By PATRICK M. COVERT
Ladies and Gentlemen, I happened upon an interview last month in a National Public Radio (NPR) program as I drove to the local mecca of capitalism to buy socks. The interview was with Brian Lamb, who is stepping down as the chief executive officer of C-SPAN.
As I got home, new socks in hand, I was inspired to watch C-SPAN’s live coverage of the U. S. House of Representatives. The general debate was related to repeal of provisions of the Protecting Access to Health Care (P.A.T.H.) act, or H.R. 5 of session 112.
I have never watched such debate before, but it definitely held my attention. The rules of order were closely respected by most representatives and it made for a well-balanced debate. These men and women are highly respected by their constituents, who expect them to represent their interests in Washington, D.C. I assume they are intelligent and educated individuals, some introduced by a professional title (“Doctor” or “Lawyer”) in addition to the state and district which they represent.
Speakers were separated into two factions, those who authored the P.A.T.H. Act and those against it. Each speaker, pro and con, was convincing. Each representative, in his own right, was passionate and made great arguments—until they started the familiar, “You don’t want this because you’re Republican,” or, “Democrats are evil, bloodsucking vampires, like ‘Twilight’….”
Ok, maybe I paraphrased. I read H.R. 5 thoroughly so I could understand what I had watched. The arguments each side had against the others were either blatant misrepresentations, or carefully worded half truths. The bill has merits, but it contains some redundant “common sense” statements and vague wording open to interpretation.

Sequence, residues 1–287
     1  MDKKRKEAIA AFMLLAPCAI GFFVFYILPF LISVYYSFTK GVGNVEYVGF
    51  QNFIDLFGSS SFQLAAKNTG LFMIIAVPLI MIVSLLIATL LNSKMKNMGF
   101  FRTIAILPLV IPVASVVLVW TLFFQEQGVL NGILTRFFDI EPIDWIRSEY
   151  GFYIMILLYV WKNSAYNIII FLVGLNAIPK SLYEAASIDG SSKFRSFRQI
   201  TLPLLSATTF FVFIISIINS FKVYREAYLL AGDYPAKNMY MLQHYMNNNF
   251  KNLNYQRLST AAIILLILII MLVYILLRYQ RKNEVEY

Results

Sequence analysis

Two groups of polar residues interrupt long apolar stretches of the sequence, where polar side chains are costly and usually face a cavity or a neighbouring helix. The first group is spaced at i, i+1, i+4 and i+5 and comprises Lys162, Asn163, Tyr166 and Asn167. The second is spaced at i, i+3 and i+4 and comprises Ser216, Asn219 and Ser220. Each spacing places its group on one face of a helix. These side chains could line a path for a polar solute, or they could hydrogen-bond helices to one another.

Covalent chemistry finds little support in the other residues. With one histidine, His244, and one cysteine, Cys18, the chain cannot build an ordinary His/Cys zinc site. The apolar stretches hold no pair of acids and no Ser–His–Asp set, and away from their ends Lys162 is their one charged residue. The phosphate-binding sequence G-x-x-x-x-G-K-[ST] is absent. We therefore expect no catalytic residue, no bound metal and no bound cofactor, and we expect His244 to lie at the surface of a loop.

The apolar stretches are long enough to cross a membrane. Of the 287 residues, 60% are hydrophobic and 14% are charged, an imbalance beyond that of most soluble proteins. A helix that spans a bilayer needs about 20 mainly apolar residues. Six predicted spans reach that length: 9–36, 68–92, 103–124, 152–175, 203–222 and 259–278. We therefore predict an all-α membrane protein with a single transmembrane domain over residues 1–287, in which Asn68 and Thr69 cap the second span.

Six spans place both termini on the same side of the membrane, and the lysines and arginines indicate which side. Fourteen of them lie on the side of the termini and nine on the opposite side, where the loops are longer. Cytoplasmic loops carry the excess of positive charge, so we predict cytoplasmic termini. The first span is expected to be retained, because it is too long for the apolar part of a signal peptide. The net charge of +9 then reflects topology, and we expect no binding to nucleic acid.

I am torn if I had to vote for or against this bill. Do I think these are good ideas? Yes. Do I think we need more laws to govern what an intelligent and logical jury should do anyway? Absolutely not! We supposedly still govern ourselves. This bill takes away power from a jury and contains multiple statements requiring the jury to be misled.
“The jury shall not be informed about the maximum award for non-economic damages.”
A funny thing is: I could not have actually known facts about the bill from listening to these politicians. I could not have made a decision listening to the debate. Partisanship is making our government move like a two-ton canoe in the mud, rather than the swift and efficient sports car it should be.
If every day is like this, it is no wonder nothing gets done in Washington.
As retired Sen. Arlen Specter (D-Pa.) said, “‘C-SPAN’ should put the cameras in the cloak room.
“The cloak room,” he added, “is where intelligent and spirited conversations happen, not on the Senate floor.”
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(EDITOR’S NOTE: The H.R. 5, the P.A.T.H. Act passed the U.S. House of Representatives 223 to 181 on March 22, 2012, and awaits consideration in the Senate.)
Patrick M. Covert writes from Buffalo, N. Y.